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Chase Indiana chairman retiring

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Try to imagine the local reaction had JPMorgan Chase & Co. sent a battalion of fast-talking New York executives to run the largest bank in Indiana—Bank One—after it bought the Chicago-based bank in 2004.

Bassett Bassett

Think about that, and one can better appreciate Dennis “Denny” Bassett’s role as chairman of Chase’s Indiana operations.

Bassett, who retires at the end of this month, will tell you things might not have gone well for Chase without a Midwesterner in the front office over the years.

“That was priority No. 1—to maintain an Indiana face to a very large corporation,” said Bassett, 65.

The native of Danville, Ill., who started his banking career in Indianapolis in 1973, is “the typical Midwestern, hometown kind of guy” who can connect with people, observed Joe DeHaven, president of the Indiana Bankers Association.

It’s not yet clear who will replace Bassett. He’ll only say there’s plenty of executive talent within the Indiana unit, which has more than 2,200 employees locally.

Historically strong bank leadership in Indianapolis over the decades has helped businesses and not-for-profits advance a number of community causes.

bassett-factbox.gifTake, for example, 1970s-era Indiana National Bank Chairman Tom Binford. He helped establish and lead the city’s Urban League, was chief steward of the Indianapolis 500, and worked with countless community organizations over the years.

Bassett “has performed in the community that critically strong role bank leaders have traditionally played in central Indiana,” said David Johnson, president and CEO of Central Indiana Corporate Partnership, on whose board Bassett serves.

CICP has been the springboard for a number of community initiatives on everything from logistics to advanced manufacturing to the life sciences.

Cut teeth at local banks

Chase’s influence is exerted in part through Bassett’s serving on the boards of at least 10 organizations in the region. But it’s easy to forget he began his career here way back in the 1970s, in commercial lending.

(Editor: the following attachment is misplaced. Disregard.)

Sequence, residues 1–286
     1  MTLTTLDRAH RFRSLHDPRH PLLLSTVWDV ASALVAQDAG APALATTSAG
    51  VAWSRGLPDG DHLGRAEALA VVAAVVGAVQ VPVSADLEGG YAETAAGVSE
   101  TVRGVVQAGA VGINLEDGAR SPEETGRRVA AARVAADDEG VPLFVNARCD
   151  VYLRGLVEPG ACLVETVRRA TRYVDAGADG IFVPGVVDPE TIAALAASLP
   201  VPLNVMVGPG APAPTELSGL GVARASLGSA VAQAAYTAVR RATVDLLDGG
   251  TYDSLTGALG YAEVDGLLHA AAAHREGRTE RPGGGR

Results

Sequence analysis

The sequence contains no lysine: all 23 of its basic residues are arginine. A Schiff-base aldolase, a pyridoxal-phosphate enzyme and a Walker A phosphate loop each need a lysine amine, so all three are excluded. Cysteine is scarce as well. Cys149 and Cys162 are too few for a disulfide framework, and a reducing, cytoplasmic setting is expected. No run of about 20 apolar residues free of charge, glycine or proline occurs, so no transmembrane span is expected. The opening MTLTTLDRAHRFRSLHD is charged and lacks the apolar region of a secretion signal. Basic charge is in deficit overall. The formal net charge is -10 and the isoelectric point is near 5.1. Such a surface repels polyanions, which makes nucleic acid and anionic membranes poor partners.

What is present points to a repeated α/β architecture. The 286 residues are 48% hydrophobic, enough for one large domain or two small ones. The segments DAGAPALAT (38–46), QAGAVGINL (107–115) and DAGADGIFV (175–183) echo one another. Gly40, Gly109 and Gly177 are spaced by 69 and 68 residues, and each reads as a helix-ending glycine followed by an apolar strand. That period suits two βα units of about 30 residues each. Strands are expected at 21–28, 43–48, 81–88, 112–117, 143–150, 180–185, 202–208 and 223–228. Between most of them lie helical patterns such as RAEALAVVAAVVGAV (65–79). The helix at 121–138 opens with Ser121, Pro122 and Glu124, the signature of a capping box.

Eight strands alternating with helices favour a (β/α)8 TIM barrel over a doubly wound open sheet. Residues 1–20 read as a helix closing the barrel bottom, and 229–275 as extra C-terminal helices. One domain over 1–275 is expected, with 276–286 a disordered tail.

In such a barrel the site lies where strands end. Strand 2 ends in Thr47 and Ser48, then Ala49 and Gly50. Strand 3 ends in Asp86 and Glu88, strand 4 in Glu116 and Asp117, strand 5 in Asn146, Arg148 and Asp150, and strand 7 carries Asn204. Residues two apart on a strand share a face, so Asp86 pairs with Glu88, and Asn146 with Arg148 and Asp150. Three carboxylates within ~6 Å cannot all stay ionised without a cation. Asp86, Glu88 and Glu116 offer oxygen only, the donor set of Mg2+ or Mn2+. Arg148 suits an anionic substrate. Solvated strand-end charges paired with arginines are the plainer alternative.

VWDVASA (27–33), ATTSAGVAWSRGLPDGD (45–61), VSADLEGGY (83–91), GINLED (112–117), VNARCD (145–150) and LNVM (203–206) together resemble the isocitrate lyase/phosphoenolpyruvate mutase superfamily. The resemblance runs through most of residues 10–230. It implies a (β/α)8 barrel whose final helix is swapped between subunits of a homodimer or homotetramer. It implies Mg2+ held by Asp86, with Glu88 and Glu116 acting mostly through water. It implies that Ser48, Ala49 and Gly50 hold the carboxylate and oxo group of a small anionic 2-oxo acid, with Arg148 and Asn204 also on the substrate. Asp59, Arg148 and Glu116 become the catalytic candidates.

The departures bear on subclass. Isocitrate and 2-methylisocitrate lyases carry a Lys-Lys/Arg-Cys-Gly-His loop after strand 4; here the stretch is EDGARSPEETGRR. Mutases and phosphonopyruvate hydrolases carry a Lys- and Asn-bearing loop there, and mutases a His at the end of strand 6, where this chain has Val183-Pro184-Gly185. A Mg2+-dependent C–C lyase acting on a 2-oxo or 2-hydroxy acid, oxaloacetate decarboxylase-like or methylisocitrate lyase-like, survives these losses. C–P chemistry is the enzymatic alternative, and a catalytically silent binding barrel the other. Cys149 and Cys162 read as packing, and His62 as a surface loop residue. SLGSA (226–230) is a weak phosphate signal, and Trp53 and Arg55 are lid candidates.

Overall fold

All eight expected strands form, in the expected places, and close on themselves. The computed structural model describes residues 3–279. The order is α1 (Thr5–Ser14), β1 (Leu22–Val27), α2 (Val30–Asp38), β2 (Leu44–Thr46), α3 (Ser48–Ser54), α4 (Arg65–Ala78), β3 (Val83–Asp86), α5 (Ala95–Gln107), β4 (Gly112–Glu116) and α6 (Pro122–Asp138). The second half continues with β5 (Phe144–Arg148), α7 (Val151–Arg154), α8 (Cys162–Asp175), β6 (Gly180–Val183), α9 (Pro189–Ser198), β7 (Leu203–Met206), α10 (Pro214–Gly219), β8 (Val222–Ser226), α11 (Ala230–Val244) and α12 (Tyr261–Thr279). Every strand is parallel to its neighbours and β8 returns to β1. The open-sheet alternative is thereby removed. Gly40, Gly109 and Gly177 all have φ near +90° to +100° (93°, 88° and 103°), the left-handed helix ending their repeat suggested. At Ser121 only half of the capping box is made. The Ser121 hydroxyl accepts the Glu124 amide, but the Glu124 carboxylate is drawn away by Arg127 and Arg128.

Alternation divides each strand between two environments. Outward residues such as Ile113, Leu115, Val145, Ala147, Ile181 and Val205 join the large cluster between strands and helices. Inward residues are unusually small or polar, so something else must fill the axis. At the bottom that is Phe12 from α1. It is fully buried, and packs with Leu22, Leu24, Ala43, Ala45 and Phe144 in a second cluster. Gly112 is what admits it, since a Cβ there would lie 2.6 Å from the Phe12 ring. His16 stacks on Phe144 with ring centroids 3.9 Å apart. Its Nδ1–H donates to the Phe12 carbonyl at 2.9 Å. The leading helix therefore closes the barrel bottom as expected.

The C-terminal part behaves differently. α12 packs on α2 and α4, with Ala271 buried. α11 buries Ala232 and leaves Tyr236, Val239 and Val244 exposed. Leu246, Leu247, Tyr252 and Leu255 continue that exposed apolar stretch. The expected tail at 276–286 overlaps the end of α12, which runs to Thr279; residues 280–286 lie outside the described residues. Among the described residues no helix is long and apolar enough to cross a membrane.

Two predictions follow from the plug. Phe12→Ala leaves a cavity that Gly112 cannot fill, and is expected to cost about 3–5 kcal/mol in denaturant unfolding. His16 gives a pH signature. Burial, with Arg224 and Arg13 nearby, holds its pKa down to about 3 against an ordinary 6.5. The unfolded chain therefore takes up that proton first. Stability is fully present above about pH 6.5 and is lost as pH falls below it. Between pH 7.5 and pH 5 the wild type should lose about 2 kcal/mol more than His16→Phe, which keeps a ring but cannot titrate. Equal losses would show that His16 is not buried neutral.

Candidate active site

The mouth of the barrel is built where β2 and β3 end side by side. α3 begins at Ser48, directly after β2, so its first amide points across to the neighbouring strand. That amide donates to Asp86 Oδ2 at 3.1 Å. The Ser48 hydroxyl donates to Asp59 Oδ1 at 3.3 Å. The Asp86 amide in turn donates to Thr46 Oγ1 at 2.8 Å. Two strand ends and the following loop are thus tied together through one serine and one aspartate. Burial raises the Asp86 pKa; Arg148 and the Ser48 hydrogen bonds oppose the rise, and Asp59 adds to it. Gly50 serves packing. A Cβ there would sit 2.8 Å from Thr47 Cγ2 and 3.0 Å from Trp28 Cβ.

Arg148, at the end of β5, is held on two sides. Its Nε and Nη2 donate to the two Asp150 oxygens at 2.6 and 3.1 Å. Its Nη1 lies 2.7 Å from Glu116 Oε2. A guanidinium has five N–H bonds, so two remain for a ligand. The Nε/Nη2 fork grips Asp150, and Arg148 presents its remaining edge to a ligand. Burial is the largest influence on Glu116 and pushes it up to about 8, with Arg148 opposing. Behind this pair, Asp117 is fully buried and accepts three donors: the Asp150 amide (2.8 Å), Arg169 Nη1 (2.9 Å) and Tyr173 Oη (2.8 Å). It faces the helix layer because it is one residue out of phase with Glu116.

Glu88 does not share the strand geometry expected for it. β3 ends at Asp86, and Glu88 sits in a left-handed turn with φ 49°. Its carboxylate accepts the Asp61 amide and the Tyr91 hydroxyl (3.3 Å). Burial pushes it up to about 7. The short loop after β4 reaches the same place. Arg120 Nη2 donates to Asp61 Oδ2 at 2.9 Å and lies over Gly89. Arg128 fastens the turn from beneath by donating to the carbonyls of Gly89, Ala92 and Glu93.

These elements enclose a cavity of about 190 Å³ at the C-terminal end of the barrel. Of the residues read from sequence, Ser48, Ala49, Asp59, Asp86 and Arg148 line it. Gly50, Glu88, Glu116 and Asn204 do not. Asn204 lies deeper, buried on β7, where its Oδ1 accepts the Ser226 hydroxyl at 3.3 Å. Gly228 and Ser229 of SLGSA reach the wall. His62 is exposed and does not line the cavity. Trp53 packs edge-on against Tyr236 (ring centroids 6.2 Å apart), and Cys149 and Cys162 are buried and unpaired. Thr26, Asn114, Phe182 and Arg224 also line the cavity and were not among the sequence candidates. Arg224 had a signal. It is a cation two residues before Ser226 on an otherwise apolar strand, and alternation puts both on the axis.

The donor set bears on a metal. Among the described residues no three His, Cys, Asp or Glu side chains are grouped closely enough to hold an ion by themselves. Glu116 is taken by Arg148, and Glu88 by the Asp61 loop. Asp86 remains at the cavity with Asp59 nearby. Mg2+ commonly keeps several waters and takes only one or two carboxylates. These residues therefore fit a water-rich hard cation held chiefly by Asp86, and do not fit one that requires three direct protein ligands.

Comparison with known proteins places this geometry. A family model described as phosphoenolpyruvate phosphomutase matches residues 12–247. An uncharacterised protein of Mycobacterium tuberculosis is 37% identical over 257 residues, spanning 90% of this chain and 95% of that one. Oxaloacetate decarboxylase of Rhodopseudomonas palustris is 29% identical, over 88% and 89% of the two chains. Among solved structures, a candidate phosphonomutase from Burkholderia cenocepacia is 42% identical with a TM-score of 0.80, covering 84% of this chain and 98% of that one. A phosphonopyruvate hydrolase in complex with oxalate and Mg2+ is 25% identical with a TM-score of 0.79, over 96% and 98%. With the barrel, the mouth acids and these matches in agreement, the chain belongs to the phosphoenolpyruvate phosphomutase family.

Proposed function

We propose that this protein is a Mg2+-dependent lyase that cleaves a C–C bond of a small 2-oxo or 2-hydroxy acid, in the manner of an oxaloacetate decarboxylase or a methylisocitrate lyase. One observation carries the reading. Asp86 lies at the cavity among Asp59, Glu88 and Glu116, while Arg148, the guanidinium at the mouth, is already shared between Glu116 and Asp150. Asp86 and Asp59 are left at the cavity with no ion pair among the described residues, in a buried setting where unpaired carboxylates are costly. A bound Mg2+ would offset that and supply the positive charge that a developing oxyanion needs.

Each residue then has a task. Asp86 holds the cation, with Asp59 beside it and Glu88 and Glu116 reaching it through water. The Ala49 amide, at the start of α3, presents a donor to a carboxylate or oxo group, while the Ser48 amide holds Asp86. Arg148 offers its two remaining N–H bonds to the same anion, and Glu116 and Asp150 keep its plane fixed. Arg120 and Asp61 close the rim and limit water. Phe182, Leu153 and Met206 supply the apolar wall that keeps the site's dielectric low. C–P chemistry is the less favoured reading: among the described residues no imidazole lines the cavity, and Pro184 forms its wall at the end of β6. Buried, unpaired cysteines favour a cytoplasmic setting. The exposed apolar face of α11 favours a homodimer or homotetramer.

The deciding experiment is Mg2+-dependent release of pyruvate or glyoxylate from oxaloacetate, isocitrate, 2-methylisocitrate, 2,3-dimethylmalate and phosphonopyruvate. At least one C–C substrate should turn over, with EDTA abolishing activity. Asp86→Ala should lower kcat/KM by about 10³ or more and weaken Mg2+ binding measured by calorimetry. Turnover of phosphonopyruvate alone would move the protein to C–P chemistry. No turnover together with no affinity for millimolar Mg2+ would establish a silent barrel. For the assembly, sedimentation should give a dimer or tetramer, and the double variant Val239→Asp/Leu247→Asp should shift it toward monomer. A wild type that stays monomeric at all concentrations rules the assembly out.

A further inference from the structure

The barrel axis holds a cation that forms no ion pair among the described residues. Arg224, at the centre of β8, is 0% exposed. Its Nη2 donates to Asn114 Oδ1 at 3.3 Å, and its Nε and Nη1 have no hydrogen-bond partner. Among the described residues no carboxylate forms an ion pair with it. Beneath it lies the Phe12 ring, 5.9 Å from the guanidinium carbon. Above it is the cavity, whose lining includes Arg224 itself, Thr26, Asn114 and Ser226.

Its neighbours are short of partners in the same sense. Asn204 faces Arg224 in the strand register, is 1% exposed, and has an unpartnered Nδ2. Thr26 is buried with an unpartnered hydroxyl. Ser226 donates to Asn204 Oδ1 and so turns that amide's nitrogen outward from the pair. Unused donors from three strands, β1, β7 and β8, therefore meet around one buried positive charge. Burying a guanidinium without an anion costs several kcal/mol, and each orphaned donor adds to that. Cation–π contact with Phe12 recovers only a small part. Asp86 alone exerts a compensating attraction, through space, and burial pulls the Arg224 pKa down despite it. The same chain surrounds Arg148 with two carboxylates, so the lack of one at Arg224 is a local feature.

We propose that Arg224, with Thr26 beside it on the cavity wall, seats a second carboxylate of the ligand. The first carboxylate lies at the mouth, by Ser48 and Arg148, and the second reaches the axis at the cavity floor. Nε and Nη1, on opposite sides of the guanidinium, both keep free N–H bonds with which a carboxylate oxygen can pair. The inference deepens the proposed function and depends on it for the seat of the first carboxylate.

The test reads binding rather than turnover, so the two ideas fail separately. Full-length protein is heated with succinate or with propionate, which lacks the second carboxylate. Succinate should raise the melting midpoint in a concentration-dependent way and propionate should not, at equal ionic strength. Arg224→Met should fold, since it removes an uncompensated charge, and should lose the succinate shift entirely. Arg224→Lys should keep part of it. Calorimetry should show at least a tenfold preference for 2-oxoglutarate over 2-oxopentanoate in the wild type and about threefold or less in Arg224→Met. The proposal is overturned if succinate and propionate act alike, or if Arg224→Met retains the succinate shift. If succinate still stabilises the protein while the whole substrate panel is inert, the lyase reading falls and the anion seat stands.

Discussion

In 1973, Bassett and his new bride rumbled into town in a 1970 Chevy Malibu. He’d recently earned a business degree from Eastern Illinois University and had filled out job applications at American Fletcher National Bank and at rival Indiana National Bank. INB hired him.

Starting in credit review, Bassett worked his way up into senior commercial lending roles.

“For the first 20 years of my career, banking was more predictable, static and fun,” he recalled.

In the 1980s, Indiana’s banking laws were changed to allow banks to branch into other counties. But the reforms came too late relative to other states such as Ohio, where banks grew large enough to swallow Indiana’s biggest banks in one bite. In 1986, then-Columbus, Ohio-based Bank One bought American Fletcher—one of Indianapolis’ big-three banks.

Six years later, Bassett’s own INB was snapped up by National Bank of Detroit, better known as NBD.

Despite the downsizing and buyouts resulting from the NBD deal and subsequent mergers, Bassett managed to move from one position to another in corporate lending, including senior credit officer for large corporate banking in Indiana, Kentucky and southwest Ohio. He had valuable knowledge of clients.

Mergers “ended up enhancing my career, enhancing my opportunities, really,” said Bassett, who has a tinge of folksiness that reminds one of the late Gov. Frank O’Bannon.

Some of that no doubt comes with the territory of traveling Indiana and nearby states in search of clients. “Building relationships was the most significant thing I learned in my early banking years.”

In fact, to this day, he’ll run across family members of a business he worked with over the decades. “Sometimes they say, ‘My father knew you,’ or, ‘My grandfather knew you.’”

He’d move up the ranks again when NBD merged with First Chicago, in the mid-1990s, and when Bank One took over in 1998.

In 2001, Bassett moved into the president’s job—this time down the street at Huntington Bank’s Indiana headquarters.

Two years later, he was back at Bank One—as CEO for Indiana. That lasted only about a year, until JPMorgan Chase acquired Bank One in a $58 billion deal.

Bassett wound up as middle-market-segment manager for Indiana, Ohio and Kentucky, until named to his current position as chairman of Chase Indiana in 2009.

Transition time

Although Chase is a $2.6 trillion asset, global powerhouse, ultimately “you have to deliver the products locally,” Bassett said.

“The challenge with employees was to make them feel empowered, relevant and wanted at times of organizational rationalizations.”

Also, the challenge to give back resources to the community “was always a priority and became a focal point with each merger.”

Chase makes more than $3 million in charitable contributions each year in this market.

“Because of the heft [Chase] has, he’s had some wonderful opportunities” to influence giving, DeHaven said.

Among the 10 boards on which Bassett sits is that of the Indiana Chamber of Commerce, where he has worked on financial committees and has taken a hands-on approach, said chamber President Kevin Brinegar.

That pace will slow after Bassett retires late this month. He’ll continue to serve on some boards such as that of the Sharon L. Bassett Foundation, which assists families affected by breast cancer and is named in honor of his late wife.

Bassett has remarried. His wife, Sally Brown, is perhaps best known for heading the Ambassadair travel club when it was owned by ATA Airlines. He expects to help her with a school she plans to build in Costa Rica.

The couple recently bought a horse farm. “On my first day of retirement,” Bassett said, “I will get up and feed the horses and smile.”•

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